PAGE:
Chan Heart, Chan Art is a unique volume that pairs one hundred traditional Chan (Zen) stories retold by a modern Chinese master with one hundred painting that beautifully capture the flavour of traditional art. Venerable Master Hsing Yun, founder of the Fo Guang Shan Buddhist Order, offers an account of the teaching of ancient Chan masters who have awakened to the Buddha's truth through the cultivation of their minds, and in turn, inspired countless students to pursue Chan study. To make these lessons more accessible to today's readers Master Hsing Yun has written commentaries at the end of each story to elucidate the meaning of difficult gongans (koans) and gathas (verses). The accompanying portraits, painted by the renowned husband-and-wife team, Gao Ertai and Pu Xiaoyu, visually transmit the profound expressions of Chan.
This volume includes supplementary material aimed at enriching the experience of the reader and guiding them towards a deeper 7understanding of Chan. A biographical section has been appended to the stories to provide a historical context to the lives of the notable Chan masters and students who appear in. The section of endnotes further explains key Buddhist terms, cultural references, and the layers of meaning alluded to in the original Chinese text.
Founder of the Fo Gauang Shan (Buddha's Light Mountain) Buddhhist Order and the Buddha's Light International Association, Venerable Master Hsing Yun has dedicated his life to teaching Humanistic Buddhism, which seeks to realize spiritual cultivation in everyday ling.
Master Hsing Yun is the 48th Patriarch of the Linji Chan School. Born in Jiangsu Province, China in 1927, he was tonsured under Venerable Master Zhikai at the age of twelve and became a novice monk at Qixia Vinaya College. He was fully ordained in 1941 following years of strict monastic training. When he left Jiaoshan Buddhist College at the age of twenty, he had studied for almost ten years in a monastery.
Due to the civil war in China, Master Hsing Yun moved to Taiwan in 1949 where he undertook the revitalization of Chinese Mahayana Buddhism. He began fulfilling his vow to promote the Dharma by starting chanting groups, student and youth groups, and other civic-minded organizations with Leiyin Temple in Ilan as his base. Since the founding of Fo Guang Shan monastery in Kaohsiung in 1967, more than two hundred temple have been established worldwide. Hsi Lai Temple, the symbolic torch of the Dharma spreading to the West, was built in 1988 near Los Angeles.
Master Hsing Yun has been guiding Buddhism on a course of modernization by integrating Buddhist values into education, cultural activities, charity, and religious practices. To achieve these ends, he travels all over the world, giving lectures and actively engaging in religious dialogue. The Fo Guang Shan organization also oversees sixteen Buddhist colleges and four universities, one of which is the University of the West in Rosemead, California.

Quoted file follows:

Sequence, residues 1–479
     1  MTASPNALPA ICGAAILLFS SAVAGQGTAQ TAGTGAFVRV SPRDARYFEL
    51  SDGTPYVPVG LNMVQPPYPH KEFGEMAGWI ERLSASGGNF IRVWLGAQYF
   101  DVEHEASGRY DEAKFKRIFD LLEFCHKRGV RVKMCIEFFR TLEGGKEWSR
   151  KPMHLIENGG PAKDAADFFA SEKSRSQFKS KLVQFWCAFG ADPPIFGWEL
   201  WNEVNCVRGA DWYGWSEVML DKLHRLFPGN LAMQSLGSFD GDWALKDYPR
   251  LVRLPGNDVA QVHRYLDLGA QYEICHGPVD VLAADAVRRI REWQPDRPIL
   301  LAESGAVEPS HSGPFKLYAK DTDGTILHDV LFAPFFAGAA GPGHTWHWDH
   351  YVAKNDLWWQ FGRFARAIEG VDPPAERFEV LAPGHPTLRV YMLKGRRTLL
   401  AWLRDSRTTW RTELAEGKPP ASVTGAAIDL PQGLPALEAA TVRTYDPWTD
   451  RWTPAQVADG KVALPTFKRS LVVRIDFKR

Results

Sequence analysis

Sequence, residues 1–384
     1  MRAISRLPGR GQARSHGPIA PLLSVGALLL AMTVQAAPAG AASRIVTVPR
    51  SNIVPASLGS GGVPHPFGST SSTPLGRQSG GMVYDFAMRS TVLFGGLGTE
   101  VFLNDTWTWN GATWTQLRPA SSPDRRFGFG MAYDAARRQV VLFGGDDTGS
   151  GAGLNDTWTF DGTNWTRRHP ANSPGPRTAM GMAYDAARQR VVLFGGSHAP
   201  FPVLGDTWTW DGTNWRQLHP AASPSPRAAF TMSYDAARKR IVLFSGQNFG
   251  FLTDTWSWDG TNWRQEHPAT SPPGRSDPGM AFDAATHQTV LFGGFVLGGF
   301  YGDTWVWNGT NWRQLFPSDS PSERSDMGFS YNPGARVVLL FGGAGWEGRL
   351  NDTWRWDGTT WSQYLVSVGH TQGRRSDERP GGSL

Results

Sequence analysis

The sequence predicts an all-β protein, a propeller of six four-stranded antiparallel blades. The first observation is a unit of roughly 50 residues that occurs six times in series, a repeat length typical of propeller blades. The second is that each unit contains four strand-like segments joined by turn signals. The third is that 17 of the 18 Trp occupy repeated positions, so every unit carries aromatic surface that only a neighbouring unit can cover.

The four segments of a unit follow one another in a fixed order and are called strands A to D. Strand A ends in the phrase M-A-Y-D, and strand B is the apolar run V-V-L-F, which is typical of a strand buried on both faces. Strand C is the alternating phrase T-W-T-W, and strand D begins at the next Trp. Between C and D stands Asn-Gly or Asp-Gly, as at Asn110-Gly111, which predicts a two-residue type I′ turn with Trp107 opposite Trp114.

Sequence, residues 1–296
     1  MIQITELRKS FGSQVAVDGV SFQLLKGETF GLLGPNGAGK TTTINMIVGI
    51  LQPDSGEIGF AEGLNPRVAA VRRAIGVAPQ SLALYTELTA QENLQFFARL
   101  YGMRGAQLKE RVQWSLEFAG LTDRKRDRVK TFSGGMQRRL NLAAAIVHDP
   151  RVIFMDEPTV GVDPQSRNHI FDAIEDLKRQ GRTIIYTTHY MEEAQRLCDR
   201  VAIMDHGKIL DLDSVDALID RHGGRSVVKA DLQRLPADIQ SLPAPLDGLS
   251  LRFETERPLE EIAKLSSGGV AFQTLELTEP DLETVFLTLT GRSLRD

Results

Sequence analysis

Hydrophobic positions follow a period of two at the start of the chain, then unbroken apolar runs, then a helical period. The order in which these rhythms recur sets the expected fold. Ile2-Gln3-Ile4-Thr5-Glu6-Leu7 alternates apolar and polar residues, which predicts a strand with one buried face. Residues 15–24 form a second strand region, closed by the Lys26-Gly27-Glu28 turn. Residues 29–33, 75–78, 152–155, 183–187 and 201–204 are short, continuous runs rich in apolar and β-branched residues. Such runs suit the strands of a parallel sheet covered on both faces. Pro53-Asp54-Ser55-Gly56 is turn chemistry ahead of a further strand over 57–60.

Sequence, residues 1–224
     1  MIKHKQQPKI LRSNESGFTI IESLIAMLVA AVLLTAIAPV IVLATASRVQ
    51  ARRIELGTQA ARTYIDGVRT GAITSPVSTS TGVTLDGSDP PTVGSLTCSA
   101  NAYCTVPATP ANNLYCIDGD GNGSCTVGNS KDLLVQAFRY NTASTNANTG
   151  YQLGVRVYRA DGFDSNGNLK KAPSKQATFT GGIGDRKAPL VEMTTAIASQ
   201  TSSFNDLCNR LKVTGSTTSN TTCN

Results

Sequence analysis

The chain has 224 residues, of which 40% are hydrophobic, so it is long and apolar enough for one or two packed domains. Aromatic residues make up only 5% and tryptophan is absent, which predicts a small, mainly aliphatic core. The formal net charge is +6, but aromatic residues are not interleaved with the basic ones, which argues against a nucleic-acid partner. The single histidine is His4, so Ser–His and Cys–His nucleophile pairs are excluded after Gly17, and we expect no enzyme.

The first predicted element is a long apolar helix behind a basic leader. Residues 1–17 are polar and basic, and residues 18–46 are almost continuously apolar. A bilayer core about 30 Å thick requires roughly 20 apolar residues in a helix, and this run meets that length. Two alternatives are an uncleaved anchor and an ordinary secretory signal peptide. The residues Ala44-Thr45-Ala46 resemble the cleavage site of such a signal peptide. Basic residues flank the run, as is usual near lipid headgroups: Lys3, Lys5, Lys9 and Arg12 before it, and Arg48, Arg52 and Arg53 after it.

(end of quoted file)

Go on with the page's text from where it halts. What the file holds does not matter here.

Xiaoyu and I painted these one hundred Chan paintings three years ago in Los angeles at the request Venerable Master Hsing Yun. When we first arrived in the United States, we had no family or friends, and not so much as a single penny, we were extremely grateful to Venerable Master Hsing Yun for providing us with an opportunity to earn our own living allowing us to pave the way for a new life through our own efforts. At the time, we had two opportunities: one was to go to Harvard University as visiting scholars; the other was to go to Hsi Lai Temple to work on these paintings. We chose the latter. This first choice we made upon initially arriving in the United State determined our life's course for many years afterwards.
Out of gratitude to Venerable Master Hsing Yun, we worked extremely hard night and day, completing these one hundred paintings within half a year. During this time, because several publications were urgently asking for my manuscripts, had no choice but to spend a great deal of time on them. Therefore, these paintings are mostly Xiaoyu's own compositions. She worked Museum for ten years copying ancient paintings, which is reflected in the strong traditional aura of these paintings.
Although the specifications and dimensions of the one hundred paintings are the same, each one has an independent theme. For this reason, we dedicated ourselves to giving the appearance of each character distinctive features, and did our very best not to make them similar. Avoiding duplication in one hundred paintings with one hundred paintings with one hundred compositions and hundred of characters is really not easy. Particularly since monastic's wear identical attire, only in the characteristics of the facial features and expressions could we eek variation. The degree of difficulty was even greater when conforming to the laws of human anatomy because we could only seek variation within the scope of artistic composition and proportion. If the readers can see in these one hundred paintings that every composition is different and the appearance of very character is distinct, then we will feel deeply contented.